ALAMOSA — "The county shouldn't be in the business of owning and operating property," said Alamosa County Commissioner Michael Yohn to a small group gathered at the Alamosa County Courthouse on Tuesday. "We shouldn't be because it takes it off the tax roll and interferes with individuals in the business world."
The meeting, set up after a work session on April 11 discussing the courthouse's future, was designed so that the commissioners could hear the public's thoughts on what to do. Ideas ranged from a boutique hotel to a shopping complex to an expansion for Trinidad State Junior College. As discussed in the work session, the 12th Judicial District Attorney's office has no interest in moving into the facility.
Resident Lawrence Martinez mentioned that it could be used for a youth center. "I think we need to concentrate on the youth and keeping them out of drugs," Martinez said. "They need something to do."
According to documents passed out at the meeting, the 80-year-old courthouse has an estimated value of $662,000 and could add $16,000 in property tax if purchased. It was added to the National Register of Historic Places in 1995, which makes it eligible for grants to help preserve the approximately 20,282 square feet.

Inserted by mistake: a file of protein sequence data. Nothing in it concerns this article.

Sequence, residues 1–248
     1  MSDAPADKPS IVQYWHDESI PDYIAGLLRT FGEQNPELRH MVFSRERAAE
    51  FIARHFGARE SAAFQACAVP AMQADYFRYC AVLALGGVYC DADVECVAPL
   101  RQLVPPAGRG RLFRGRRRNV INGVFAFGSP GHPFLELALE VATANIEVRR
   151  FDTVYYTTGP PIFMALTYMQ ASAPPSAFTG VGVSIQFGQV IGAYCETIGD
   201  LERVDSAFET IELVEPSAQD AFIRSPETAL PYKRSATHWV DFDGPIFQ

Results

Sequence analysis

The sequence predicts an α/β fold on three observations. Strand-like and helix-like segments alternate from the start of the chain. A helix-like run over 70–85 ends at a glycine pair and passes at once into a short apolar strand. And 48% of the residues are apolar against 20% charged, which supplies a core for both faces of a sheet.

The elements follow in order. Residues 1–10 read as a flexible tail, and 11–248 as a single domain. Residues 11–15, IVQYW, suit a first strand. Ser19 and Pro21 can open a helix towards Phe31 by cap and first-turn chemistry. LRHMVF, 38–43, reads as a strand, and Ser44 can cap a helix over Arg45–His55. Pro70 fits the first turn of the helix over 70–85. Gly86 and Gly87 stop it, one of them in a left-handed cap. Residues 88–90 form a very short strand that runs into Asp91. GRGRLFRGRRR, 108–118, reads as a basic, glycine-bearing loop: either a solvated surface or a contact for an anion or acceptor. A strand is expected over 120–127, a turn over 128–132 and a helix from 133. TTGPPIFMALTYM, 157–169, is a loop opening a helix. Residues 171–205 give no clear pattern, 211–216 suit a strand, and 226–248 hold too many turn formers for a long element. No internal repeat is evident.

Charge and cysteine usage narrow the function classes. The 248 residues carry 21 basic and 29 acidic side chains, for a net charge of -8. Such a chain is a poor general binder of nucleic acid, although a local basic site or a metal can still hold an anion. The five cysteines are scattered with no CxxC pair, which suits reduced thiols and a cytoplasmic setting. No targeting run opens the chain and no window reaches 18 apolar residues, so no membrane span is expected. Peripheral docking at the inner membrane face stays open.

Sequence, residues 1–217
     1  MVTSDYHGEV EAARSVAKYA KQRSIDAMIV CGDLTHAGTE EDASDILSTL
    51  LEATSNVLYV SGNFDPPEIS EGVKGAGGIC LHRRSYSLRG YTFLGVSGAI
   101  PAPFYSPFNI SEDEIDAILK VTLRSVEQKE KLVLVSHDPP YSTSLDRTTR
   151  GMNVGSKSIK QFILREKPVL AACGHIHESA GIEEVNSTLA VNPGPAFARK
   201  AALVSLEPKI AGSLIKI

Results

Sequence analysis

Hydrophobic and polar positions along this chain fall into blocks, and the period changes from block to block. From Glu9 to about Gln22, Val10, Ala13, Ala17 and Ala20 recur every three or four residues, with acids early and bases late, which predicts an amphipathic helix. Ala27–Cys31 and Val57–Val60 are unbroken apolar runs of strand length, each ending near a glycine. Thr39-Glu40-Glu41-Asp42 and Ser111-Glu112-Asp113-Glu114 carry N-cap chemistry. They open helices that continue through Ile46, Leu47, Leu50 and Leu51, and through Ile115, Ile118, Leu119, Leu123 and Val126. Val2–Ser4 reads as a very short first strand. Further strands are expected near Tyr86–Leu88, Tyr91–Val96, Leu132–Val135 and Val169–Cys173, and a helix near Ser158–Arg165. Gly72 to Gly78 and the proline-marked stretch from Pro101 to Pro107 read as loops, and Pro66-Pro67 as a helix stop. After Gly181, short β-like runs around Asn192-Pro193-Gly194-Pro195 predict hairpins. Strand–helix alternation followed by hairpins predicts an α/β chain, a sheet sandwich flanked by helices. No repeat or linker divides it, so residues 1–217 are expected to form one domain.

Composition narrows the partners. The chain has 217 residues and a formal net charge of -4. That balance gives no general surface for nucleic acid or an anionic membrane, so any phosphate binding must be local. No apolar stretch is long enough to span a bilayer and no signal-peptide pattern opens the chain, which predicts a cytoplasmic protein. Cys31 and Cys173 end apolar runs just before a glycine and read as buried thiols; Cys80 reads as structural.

"The county really has no use for the building, so the question is reuse," said Don Thompson. "It's much greener than new construction because we don't tear down the building and put it in a landfill...I think the fact that it has been designated a historic site adds to its value."
No matter what is done, attendees agreed that it would take work. There are roughly $168,900 in known repair costs such as replacing the carpet and roof to removing asbestos, a carcinogen known to cause mesothelioma. Along with an estimated $45,000-$50,000 in annual operating expenses, there are unknown costs like making the building compliant with the Americans with Disabilities Act, fixing locks and dividing the electric meter.
"You're looking at $2.6 million to $3 million to renovate this into something that would extend its longevity," said Tim Walters. "We have to deal with the economics around our community, which in many cases isn't that great...you sell it or you give it away, but right now in our economic environment I'm not so sure you could the courthouse away and have someone make a go at it."
"It's an expensive proposition to keep that maintained," added real estate agent Preston Porter. "But I think it's important for downtown viability for something to be in here if possible."
The county hasn't put out a formal request for proposals and there is currently no set timeline to sell the building.
"It is going to take time to finish up the new courthouse and move everyone out of here," Yohn said.